Adjustment of CS trends for changes in case definition reveals true increases that resulted from the second contributory factor, the dramatic increase in infectious syphilis among heterosexual adults. Trends in congenital syphilis usually follow trends in P&S syphilis among women, with a lag of one to two years.  As expected, an upsurge in reported CS cases followed the adult epidemic of the late 1980s by about 12 to 18 months, with a peak CS rate of 107.3 per 100,00 live births in 19914 (see Fig. 2). CS rates declined by 92.4% to 8.2 cases per 100,000 live births in 2005.9, 32 (see Fig. 2 and Fig. 3). The rate of P&S syphilis among women declined 94.8% (from 17.3 to 0.9 cases per 100,000 females) during 1990–2005, and then increased to 0.9 and 1.0 cases per 100,000 population in 2005 and 2006, respectively.4  (Fig. 3).

After 14 years of decline in the United States, the rate of CS increased 3.7% between 2005 and 2006 (from 8.2 to 8.5 cases per 100,000 live births).  Between 2005 and 2006, the overall rate of CS increased 3.7% in the United States, from 8.2 to 8.5 cases per 100,000 live births.  Compared with other pregnant women, mothers delivering babies with CS are more likely to be adolescent, unmarried, and of lower socioeconomic status.33, 34 However, the most important risk factor for CS appears to be inadequate prenatal care,30, 34, 35 with data from the late 1970s showing mothers of babies with CS to have had, on average, significantly fewer prenatal visits (three to six visits)36 compared with all pregnant women in the United States (11 visits).37 Recent studies show that mothers affected by CS also are more likely to have had late or no prenatal care, or to have been a victim of missed screening opportunities by health care providers.33, 34 An evaluation of a recent, large CS epidemic in a US city reveals that 90% of cases of CS would have been preventable had adequate prenatal care and timely screening and treatment been in place.38

THE ORGANISM

Treponema pallidum subspecies pallidum is the motile, flagellated spirochete that causes syphilis. T. pallidum is a member of the order Spirochaetales, which contains two other genera of helical pathogenic bacteria: Borrelia and Leptospira.39 In addition to T. pallidum subspecies pallidum, which causes venereal syphilis, three other Treponema species are human pathogens: T. pallidum subspecies endemicum, which causes endemic syphilis (bejel), T. pallidum subspecies pertenue, which causes yaws, and Treponema carateum, which causes pinta.27 At least six other human nonpathogenic species comprise the normal flora of the mouth, genitalia, and gastrointestinal mucosal surfaces.39 Early studies suggest that the four pathogenic species had over 95% DNA homology.40, 41 However, recent genetic analyses have defined a region that distinguishes T. pallidum subspecies pallidum from T. pallidum subspecies pertenue and endemicum.42 Unfortunately, current serologic tests remain unable to distinguish among these subspecies.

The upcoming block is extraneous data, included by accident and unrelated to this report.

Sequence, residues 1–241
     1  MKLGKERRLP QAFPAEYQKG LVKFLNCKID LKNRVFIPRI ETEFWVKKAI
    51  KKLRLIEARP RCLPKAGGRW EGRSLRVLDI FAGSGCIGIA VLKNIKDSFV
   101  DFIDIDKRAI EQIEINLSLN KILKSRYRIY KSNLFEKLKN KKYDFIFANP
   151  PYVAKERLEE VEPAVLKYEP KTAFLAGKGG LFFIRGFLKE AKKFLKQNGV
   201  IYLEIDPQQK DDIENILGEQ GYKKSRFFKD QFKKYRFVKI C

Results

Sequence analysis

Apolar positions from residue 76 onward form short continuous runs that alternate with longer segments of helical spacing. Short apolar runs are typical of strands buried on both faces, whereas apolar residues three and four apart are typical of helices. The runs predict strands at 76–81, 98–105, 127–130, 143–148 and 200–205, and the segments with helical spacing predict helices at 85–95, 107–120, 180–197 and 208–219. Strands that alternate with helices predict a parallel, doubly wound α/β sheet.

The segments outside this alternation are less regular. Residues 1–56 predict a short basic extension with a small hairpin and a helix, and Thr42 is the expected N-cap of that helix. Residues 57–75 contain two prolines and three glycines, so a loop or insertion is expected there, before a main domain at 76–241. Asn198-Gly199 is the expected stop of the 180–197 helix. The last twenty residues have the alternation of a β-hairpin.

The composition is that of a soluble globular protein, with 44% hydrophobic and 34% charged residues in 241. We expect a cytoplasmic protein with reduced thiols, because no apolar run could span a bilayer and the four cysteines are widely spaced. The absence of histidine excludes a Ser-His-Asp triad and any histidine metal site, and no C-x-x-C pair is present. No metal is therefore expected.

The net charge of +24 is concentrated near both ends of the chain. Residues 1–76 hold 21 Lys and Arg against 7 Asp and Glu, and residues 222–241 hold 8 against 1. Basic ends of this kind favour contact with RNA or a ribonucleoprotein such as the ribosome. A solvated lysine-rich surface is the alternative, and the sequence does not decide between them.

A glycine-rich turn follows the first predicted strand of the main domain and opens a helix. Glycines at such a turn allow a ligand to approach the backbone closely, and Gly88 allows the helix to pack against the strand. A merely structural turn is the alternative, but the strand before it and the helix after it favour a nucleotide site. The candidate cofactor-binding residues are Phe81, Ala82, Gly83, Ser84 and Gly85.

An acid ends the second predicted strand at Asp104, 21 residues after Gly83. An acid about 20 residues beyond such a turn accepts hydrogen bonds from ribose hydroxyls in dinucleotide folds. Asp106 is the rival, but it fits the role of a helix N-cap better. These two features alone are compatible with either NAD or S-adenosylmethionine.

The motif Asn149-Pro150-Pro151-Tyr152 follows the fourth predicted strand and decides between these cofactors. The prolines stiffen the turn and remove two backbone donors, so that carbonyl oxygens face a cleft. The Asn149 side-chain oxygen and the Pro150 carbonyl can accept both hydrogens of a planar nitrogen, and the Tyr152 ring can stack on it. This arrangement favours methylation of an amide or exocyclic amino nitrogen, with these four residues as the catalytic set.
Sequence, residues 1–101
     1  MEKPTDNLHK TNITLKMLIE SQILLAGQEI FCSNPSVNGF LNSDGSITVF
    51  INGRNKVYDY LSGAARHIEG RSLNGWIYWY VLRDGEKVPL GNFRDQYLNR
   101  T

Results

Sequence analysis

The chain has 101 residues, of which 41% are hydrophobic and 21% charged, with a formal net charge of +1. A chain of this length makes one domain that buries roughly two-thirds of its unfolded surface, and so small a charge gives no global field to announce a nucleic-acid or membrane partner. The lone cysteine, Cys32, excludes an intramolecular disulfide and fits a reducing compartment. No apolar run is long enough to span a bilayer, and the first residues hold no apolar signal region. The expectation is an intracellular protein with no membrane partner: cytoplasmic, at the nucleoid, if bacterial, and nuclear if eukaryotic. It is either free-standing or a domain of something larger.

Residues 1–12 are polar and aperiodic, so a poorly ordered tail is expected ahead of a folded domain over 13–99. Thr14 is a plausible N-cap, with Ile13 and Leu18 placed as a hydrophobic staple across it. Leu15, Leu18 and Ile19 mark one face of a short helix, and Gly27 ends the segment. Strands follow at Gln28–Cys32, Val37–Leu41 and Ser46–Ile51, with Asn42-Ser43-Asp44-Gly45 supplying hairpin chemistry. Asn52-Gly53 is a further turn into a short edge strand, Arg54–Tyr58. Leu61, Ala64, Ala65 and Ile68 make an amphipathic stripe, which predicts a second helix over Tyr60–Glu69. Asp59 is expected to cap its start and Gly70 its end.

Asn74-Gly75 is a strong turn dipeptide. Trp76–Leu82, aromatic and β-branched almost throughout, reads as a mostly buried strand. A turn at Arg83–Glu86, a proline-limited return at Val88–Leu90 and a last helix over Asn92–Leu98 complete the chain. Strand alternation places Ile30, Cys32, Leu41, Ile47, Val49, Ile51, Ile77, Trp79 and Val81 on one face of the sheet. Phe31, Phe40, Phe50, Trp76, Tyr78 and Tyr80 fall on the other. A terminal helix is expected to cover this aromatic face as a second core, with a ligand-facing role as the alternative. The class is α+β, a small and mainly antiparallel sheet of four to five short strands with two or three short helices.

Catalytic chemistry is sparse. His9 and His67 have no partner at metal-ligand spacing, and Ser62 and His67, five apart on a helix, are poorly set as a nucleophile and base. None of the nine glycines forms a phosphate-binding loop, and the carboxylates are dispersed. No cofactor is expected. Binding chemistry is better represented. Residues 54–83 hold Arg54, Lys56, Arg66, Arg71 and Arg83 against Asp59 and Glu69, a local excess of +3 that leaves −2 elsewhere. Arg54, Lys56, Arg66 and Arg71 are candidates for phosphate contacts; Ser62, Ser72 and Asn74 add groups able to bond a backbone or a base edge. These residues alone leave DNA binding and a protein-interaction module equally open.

T. pallidum is characterized by its long, thin, spiral morphologic characteristic and corkscrew motility. Its 6- to 20-μm length and 0.10- to 0.18-μm diameter, combined with its resistance to staining with commonly used bacterial stains, make the organism invisible through the light microscope.43 This requires the use of darkfield microscopy (Fig. 3) or immunofluorescent staining for visualization in clinical practice. Its shape and flagella-driven motility play critical roles in pathogen invasion and dissemination.44

Fig. 3. Treponema pallidum on darkfield microscope.

T. pallidum is similar to gram-negative bacteria in that it has an outer membrane and a thin peptidoglycan cell wall; it differs from gram-negative bacteria in that its outer membrane lacks lipopolysaccharide and is more susceptible to disruption by physical or chemical manipulation.45, 46, 47, 48 The outer membrane of this organism also contains few transmembrane proteins. The paucity of these treponemal rare outer membrane proteins may partially explain the limited antigenicity of T. pallidum.49, 50

T. pallidum is unusual among human pathogens in that it can be cultured in vitro only after extended periods of laboratory incubation. Therefore, until recently, most of our understanding of the structure and function of T. pallidum was derived from studies of T. pallidum grown in animal models (usually rabbit testicles), from antigenic analysis, and, subsequently, from the cloning and expression of treponemal genes in Escherichia coli.51, 52, 53, 54, 55, 56, 57 However, sequencing of the entire genome of T. pallidum subspecies pallidum was completed recently.58 This scientific advance has lead to new insights about the physiologic features of T. pallidum subspecies pallidum, as well as molecular approaches to identifying distinct subtypes of the organism. It also holds great promise for development of vaccines, alternative diagnostic and therapeutic approaches, and in vitro culture methods. The genome is a circular chromosome containing 1,138,006 base pairs and 1041 open reading frames58 (Fig. 4). Detailed study of the genome has confirmed or extended many prior findings. For example, T. pallidum subspecies pallidum appears to have limited biosynthetic capacity and depends on requiring multiple nutrients from the host.58 Consistent with its preference for a microaerophilic environment, the organism has no genes encoding enzymes that protect against oxygen toxicity.59 Motility-associated genes appear to be highly conserved because of the importance of motility to pathogen invasion.58 Numerous genes encoding proteins similar to bacterial hemolysins and potential virulence factors also have been identified.58